In the 5th Century B.C., both Buddhism and Jainism rose as spiritual orders that basically rebelled against Brahmanical Orthodoxy. Impregnated by the seeds of spiritual unrest, these twin offshoots yielded in the realm of history a harvest of new interpretations in religious broad-mindedness.
Both Gautama and Vardhamana who have come to be associated with the two cults as the paramount figureheads of their respective reform movements happened to be from the Kshatriya clan, who challenged the spiritual hegemony of the Brahmanas just as they refused to acknowledge the paramountcy of the Vedas. It was basically a clash of ideals between the governing and intellectual classes, each of whom brooked its own exclusivity in the social fabric of the society. Here it must be mentioned that neither Buddhism or Jainism were rigid schools of religious reform to the extent of attempting obliteration of Hinduism itself, in the sense that they never preached the abstinence of individual faith in the Hindu deities. Both existed as corollaries of the tenets enshrined in Hinduism and both alluded to a religious order that preached to the closest approximation, a chastity in words, thoughts and deeds as the means to salvation.
However, unlike Jainism which remained close to its Hinduistic origins in that it adhered to the rudiments of the caste system and ceremonial sanctity, Buddhism gradually was weaned away from the parent stock and thus, weakened its base in the country. While Jainism continues to flourish in its country of origin, spreading out of the Magadhan seat of imperial power to parts of North-West and to the Southern parts of India, Buddhism has been uprooted quite a bit and has gone on to flourish in South and South-East Asia. Several reasons have been cited for this. Even as many of the Buddhist doctrines came to be assimilated in the Hinduistic folds, the supremacy of the Brahamanic order that was challenged during the 5th and the 6th Centuries B.C., once again gained ascendancy during the age of the Guptas somewhere around the 3rd and the 4th centuries A.D., which mitigated the hold of Buddhism on the masses. Paradoxically, the neo-atheistic doctrines of Buddhism did not carry any level of conviction for the masses that was seeped in idolatory practices and sermons for centuries on end. Then of course, came the corruptible influences in the Buddhist monasteries and the religious order, followed by the horde of invasions which saw Buddhism lose much of its primal energy. The spirit of compassion and religious freedom thus, became a more potent antidote in far off lands that never required the Hinduistic crutch to flourish.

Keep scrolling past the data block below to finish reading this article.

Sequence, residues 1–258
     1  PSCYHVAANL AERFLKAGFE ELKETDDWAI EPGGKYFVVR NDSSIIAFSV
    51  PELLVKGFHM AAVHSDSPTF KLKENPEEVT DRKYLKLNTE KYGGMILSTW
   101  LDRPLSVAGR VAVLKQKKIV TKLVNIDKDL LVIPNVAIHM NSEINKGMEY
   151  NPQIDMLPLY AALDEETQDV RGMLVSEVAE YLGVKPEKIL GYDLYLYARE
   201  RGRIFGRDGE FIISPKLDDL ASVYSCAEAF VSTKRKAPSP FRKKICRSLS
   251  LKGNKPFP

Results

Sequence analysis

It must be admitted however, that both Buddhism and Jainism occupy a status of paramountcy in the religious orders that have flourished in India even though there is no definite period to delineate in history as either the Buddhist or the Jain period. Both are like the spiritual fountainheads that have attempted to create an outlet for human sufferings through the ever-flowing waters of purity and wisdom.